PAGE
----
Sunday, April 20

Week 146 - Spring 2014 Master List

Situation: You’d like to have a list of solid stocks to consult for your “personal” retirement plan. That’s the investment plan you're keeping outside of your “workplace” plan. We think you should focus on dividend-paying stocks issued by companies with a long history of increasing their dividend annually. Why? Because the rate those dividends increase at will exceed the rate of inflation (see Column H in the Table). That means the “personal” part of your retirement income will mainly consist of quarterly dividend checks that arrive in the mail, which differs from the “workplace” part of your income because it doesn’t get eaten up by inflation. 

Mission: Come up with a list of stocks that are safe multi-decade investments.

Execution: We’ll start with the list of 54 companies in our “universe” (see Week 122). That list initially held 51 companies but we’ve found 3 more. There are 3 criteria that stocks must meet to be included in the list: 1) be a Dividend Achiever (see with 10 or more consecutive years of dividend increases; 2) be cited in the Barron’s 500 List for outstanding growth in cash-flow based return on invested capital over the past 3 yrs and growth in revenues over the past year; 3) have an S&P credit rating of “A-” or better (see Standard and Poors).

We’ve improved on that list by removing companies that aren’t Dividend Aristocrats (see, i.e., those with 25 or more years of dividend increases, and companies that don’t perform as well as Warren Buffett’s newly-released savings plan for retail investors (see line 45 in the Table): "Put 10% of the cash in short-term government bonds and 90% in a very low-cost S&P 500 index fund. (I suggest Vanguard's.) I believe the trust's long-term results from this policy will be superior to those attained by most investors -- whether pension funds, institutions, or individuals -- who employ high-fee managers." What’s that? He writes a letter each year to investors in Berkshire Hathaway as though it were a letter to "non-financially literate" friends who have Berkshire Hathaway stock in their “trusts.” In this year’s letter (part of which is quoted above), he advises readers to simply invest in two of the Vanguard mutual funds, allocating 90% to the Vanguard 500 Index Fund (VFINX in the Tableand 10% to a short-intermediate term bond index fund. (We use IEF in the  Table because he subsequently indicated that the bond fund should exclusively invest in US Treasury issues). He also likes Berkshire Hathaway stock (BRK-A in the Table) but that doesn’t pay dividends, meaning that you’d have to periodically sell some shares to help meet your retirement expenses.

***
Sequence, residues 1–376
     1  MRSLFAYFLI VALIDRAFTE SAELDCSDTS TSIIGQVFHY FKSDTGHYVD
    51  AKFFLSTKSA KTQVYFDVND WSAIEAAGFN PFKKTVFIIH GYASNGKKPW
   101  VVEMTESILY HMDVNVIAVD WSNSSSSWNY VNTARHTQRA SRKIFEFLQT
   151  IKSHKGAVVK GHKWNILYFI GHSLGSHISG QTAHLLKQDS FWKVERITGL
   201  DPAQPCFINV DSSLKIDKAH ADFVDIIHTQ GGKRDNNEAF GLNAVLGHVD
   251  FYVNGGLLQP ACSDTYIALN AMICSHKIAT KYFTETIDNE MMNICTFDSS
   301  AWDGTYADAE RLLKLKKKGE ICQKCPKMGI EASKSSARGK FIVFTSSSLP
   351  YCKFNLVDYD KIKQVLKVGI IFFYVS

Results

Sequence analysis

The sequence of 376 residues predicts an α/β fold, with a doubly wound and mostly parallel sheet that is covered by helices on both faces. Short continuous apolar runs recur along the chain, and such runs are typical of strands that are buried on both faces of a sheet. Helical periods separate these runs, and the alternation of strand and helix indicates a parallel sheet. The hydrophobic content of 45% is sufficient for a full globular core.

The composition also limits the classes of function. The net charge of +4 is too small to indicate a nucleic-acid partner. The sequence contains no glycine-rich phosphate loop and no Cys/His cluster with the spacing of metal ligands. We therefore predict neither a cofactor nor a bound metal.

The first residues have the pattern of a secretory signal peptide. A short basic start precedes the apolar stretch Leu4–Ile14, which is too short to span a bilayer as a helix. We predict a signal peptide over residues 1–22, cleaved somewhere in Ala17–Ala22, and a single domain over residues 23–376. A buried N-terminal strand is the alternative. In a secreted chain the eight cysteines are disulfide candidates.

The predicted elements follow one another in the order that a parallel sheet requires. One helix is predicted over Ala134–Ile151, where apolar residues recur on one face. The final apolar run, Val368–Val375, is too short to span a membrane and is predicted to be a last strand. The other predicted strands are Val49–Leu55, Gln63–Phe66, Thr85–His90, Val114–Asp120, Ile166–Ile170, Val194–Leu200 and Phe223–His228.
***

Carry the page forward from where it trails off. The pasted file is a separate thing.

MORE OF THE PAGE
We have 28 companies left (see Table). Fourteen are in “defensive” industries (utilities, telecommunications, consumer staples, and healthcare); we call those “Lifeboat Stocks” because they don’t sink in bad weather. Five are in the two highest risk industries (Energy and Materials), and the remaining 9 are in “growth” industries (finance, information technology, consumer discretionary, and industrial products). As always, red highlights denote metrics that underperform our favorite benchmark, the Vanguard Balanced Index fund (VBINX), which is essentially a well-hedged (40% bonds) S&P 500 Index fund. Like Warren Buffett, we think you can dispense with investment advisors and simply pick from Vanguard’s index funds. We differ in thinking you should be 40% invested in a general bond index rather than 10% invested in a short-term bond index. But there’s a very high likelihood you’ll make more money in the long run by taking his advice over ours. If, however, you start your retirement during a recession you might find that the 10% you’ve invested in a short-intermediate term bond index (IEF) doesn’t last very long, and you might have to sell some of your stock index fund (VFINX) at a loss to get by.

Bottom Line: Which of the 28 companies should you pick for your personal retirement plan? Well, 3 are what we call “hedge stocks” (see Week 140): MCD, KO and JNJ. Those are good choices because they don’t need to be backed by an equivalent investment in 10-yr US Treasury Notes or Savings Bonds (, both being available in inflation-protected versions. (You can also use the IEF index fund noted above but that doesn’t guarantee return of your initial investment.) We suggest, along with most investment advisers, that you strive for broad diversification. That means start with one stock from each of the 10 S&P industries. Aside from the 3 industries already represented by MCD (consumer discretionary), KO (consumer staples) and JNJ (healthcare), you’ll want to consider ED (utilities), T (telecommunications), CB (financials), GWW (industrials), ADP (information technology), XOM (energy) and NUE (materials). 

Risk Rating: 4.

Full Disclosure of current investment activity relative to stocks in the Table: I dollar-average into Dividend Reinvestment Plans at for XOM, KO, JNJ, ABT, WMT and PG.

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